Perhaps you remember about Obamacare? Do you remember all the pomp and circumstance that surrounded the administration’s triumphant announcement when the enrollment numbers for the Affordable Care Act (ACA) surpassed seven million enrollees on the insurance exchanges? Seven million was the number they first said was needed to be reached for the ACA to be sustainable, then denied they ever said it, but then celebrated when they passed it. And then, after extending the enrollment deadline, the Obama White House was even more excited to announce that it had passed the eight million mark.
Of course you do. It was hard to miss. And these pronouncements of success on the part of Democrats and the president were simply lapped up by the media, boosting the amazing story of Obamacare’s comeback. While reporting these figures, many in the media left a few real questions not only unanswered, but even unasked. Among them was the question of how many people had enrolled but had not paid their first premium. But most important was the question that should ultimately be the question that the ACA’s success is measured by. How many of the people who signed up for plans had not previously been insured?
This question is crucial, when you consider that the ACA, according to the most recent CBO (congressional budget office) estimates, will be costing somewhere between 1.5 and 2 trillion dollars over the next 10 years. (Because, hey, what’s 500 billion dollars between friends, right?) So is it worth the money?
A McKinsey survey in May called the effectiveness of the law into doubt when it found that 74% of those who signed up for insurance on the exchanges were previously insured. The law’s defenders tried to ignore that study, and instead talked about how the survey found that almost 90 percent — 87 percent to be precise — of enrollees had activated their plans by paying their first premiums. (Of course, they ignored the reality that knocking 13 percent off the eight million number meant that they had fallen off the magic number of seven million that was needed for the exchange to be sustainable.)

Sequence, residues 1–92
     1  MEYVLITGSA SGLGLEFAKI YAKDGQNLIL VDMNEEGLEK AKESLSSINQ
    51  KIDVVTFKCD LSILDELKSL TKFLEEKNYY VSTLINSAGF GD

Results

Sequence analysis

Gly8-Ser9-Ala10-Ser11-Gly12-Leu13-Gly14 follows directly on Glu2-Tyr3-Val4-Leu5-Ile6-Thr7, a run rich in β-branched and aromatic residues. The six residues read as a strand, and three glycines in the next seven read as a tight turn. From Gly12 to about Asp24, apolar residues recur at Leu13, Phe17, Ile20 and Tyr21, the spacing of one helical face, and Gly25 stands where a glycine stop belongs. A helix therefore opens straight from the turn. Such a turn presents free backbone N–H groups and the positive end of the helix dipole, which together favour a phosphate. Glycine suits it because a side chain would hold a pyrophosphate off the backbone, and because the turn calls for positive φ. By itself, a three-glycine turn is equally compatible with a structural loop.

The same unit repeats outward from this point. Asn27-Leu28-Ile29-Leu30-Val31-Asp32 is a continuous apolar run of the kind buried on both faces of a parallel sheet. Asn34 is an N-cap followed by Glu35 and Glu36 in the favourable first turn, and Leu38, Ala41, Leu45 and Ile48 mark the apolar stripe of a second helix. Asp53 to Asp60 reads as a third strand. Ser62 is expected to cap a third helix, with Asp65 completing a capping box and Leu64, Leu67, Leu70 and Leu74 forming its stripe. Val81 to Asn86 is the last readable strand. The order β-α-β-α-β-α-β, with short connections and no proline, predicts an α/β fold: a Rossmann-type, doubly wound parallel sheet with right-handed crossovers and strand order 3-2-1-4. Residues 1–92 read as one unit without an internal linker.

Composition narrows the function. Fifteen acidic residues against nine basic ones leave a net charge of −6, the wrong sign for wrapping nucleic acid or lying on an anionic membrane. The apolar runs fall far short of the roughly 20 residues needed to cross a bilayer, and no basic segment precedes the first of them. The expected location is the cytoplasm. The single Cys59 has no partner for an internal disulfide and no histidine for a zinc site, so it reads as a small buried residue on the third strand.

They also said that the McKinsey number didn’t account for all the people who had gained coverage through the expansion of Medicaid, for which the enrollees did not have to pay at all for coverage. This is true; McKinsey did not include these people in the survey, which means that we have no idea if those numbers were the same for the Medicaid expansion. It did not mean, as ACA apologists acted as though it did, that the Medicaid enrollees were all newly insured.
Fast forward to last week, when the National Health Interview Survey was released. This survey, according to The New York Times report on it, is “considered a gold standard by researchers.” What it found is only a shock if you hadn’t been paying attention.
According to this survey, the number of uninsured fell in 2014 from the previous year by a total of 3.8 million people.
But that’s not all. You see, this survey wasn’t a survey on the effectiveness of the exchanges. It was a survey on general health issues in America. And as such, it means that the 3.8 million figure includes those who qualified for expanded Medicaid — and the regular yearly decline in the uninsured.
Time for some math. According to a White House fact sheet released on April 17, 8 million people signed up on the exchanges, 3 million people gained coverage by being able to remain on their parents’ plans, and another 3 million were newly enrolled in Medicaid. That’s a total of 14 million people. McKinsey’s survey had just 26 percent of exchange enrollees being previously uninsured. But if you expand that percentage to the entire 14 million, it would mean that a little more than 3.6 million people gained coverage. It appears they weren’t that far off. (Obviously this is very imprecise, but we can get some idea from these numbers as to what really is going on. We are also assuming the entire drop is ACA exchange/expanded Medicaid enrollment-based, despite the fact that the drop is less than a tenth of 1 percent larger than it was the previous year.)
The 3.8 million number however, apparently doesn’t include some of the enrollees in March, who wouldn’t think they were covered until April. But as of March 1, 4.2 million were already enrolled in the exchanges, and 2.6 million people had signed up for expanded Medicaid. (The 3 million on their parents’ plans remains unchanged.) Using those numbers, we have a total of 9.8 million. If only 3.8 million of those were newly insured, it would mean that around 61 percent of enrollees had insurance without the ACA. The real number is obviously higher, because while we removed all the March enrollees, the study counted only a portion of them. But applied toward the 14 million total President Obama touted, it would mean that less than 5 and a half million people gained coverage because of the ACA.
Which, all in all, doesn’t seem like it was worth it.